I’d like to end this dire introduction to the College Board’s latest effort by suggesting how it could work better or even work at all. But I doubt there is an available suggestion that would begin to accomplish that short of radically overhauling an American educational system that is constructed to give the best educations to the wealthiest (and generally whitest) students and the worst educations to poor students who are brown and black.

One More Opinion

I also think it would be unfair to put the blame for this latest College Board ineptitude entirely on the CB. It’s become something of a cliché in journalistic opinion pieces to conclude on a high note by quoting Shakespeare, but I’ll do it anyway: the fault in this instance lies not in the College Board, but in ourselves.

As Americans, we’ve never really come to terms with our unfortunate racial history and before any specific solutions can be agreed upon, we need to do that. If, as many believe, minorities should recognize that 15 decades have passed since African-Americans were held back by slavery — just get over it, in other words — then let’s just be honest about that belief and quit trying to provide patches here and there to the sinking ship of affirmative action.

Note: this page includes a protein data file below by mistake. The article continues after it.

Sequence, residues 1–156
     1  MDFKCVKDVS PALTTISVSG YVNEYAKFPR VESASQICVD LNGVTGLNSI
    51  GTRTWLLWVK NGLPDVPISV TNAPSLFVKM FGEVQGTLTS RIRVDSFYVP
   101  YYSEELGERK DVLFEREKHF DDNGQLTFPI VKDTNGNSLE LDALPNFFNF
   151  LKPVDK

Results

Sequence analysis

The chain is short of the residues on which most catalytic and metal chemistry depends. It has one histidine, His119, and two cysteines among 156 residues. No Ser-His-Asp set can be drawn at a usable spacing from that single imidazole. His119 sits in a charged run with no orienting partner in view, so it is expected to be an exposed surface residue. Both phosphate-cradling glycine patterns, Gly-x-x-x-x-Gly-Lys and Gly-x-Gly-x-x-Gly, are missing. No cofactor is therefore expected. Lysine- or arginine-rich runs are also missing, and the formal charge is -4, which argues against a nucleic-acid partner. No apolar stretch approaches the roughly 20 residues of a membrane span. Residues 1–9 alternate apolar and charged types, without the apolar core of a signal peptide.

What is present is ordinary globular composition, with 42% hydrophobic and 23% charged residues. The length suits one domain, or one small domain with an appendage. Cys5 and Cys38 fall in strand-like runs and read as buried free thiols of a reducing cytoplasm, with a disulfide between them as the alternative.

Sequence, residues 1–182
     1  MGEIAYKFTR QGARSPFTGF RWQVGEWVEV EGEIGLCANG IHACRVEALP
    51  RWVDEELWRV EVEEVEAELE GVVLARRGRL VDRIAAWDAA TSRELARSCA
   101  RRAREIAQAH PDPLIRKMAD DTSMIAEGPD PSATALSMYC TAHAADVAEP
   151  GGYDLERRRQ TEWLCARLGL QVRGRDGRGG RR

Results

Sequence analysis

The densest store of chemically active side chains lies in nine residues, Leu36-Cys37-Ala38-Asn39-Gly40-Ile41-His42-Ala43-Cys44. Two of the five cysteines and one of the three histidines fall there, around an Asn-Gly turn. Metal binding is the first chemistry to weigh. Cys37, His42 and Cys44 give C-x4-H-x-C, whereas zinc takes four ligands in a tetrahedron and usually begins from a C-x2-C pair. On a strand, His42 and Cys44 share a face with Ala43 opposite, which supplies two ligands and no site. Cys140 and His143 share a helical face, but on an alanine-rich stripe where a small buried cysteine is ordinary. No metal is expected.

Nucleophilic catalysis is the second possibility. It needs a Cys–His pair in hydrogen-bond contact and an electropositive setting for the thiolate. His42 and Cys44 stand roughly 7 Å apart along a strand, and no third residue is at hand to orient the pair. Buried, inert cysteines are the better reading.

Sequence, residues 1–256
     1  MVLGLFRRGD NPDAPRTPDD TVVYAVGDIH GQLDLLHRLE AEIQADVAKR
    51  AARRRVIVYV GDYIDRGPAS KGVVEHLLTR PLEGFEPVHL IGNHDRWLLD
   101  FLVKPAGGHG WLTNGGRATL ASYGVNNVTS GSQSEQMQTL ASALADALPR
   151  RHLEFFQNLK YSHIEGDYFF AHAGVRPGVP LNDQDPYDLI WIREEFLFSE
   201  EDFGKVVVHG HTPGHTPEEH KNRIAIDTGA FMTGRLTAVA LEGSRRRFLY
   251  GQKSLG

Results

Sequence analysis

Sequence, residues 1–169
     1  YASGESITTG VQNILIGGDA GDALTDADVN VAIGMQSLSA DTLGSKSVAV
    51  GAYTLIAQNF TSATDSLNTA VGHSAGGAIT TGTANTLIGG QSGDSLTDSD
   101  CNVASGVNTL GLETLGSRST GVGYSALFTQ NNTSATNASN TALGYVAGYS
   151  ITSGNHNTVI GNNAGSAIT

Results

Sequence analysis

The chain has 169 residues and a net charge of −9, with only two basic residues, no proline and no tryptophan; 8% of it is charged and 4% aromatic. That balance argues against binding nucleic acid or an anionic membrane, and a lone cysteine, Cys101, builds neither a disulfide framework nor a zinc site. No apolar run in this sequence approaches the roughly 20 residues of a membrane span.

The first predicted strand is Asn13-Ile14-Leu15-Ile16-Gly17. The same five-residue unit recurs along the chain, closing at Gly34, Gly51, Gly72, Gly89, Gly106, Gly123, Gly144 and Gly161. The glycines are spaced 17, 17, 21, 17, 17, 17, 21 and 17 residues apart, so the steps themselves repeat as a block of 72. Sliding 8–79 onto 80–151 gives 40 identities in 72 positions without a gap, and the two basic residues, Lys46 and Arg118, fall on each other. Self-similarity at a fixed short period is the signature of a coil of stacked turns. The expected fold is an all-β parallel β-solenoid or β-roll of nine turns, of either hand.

No one gets extra help and, at least in principle, everyone gets the same help. It’s cruel and wrong in my opinion, but it’s not hypocritical. The various workarounds to compensate minority students for their disadvantage without calling it that, which one college administrator admitted as a motive in defense of the CB’s latest solution, just makes all these attempts at achieving equality look hypocritical and sneaky.

If, on the other hand, we can finally come to terms with the harm done to minorities in this country, then we should honestly say, yes, we’re providing poor Latino and African- American students with compensatory help that middle-class white students will not receive, and then really do it, which to date we have not.

Unfortunately, providing help on the basis of race is already illegal in some jurisdictions and the Trump administration is working to make race-blind admissions mandatory from kindergarten to college.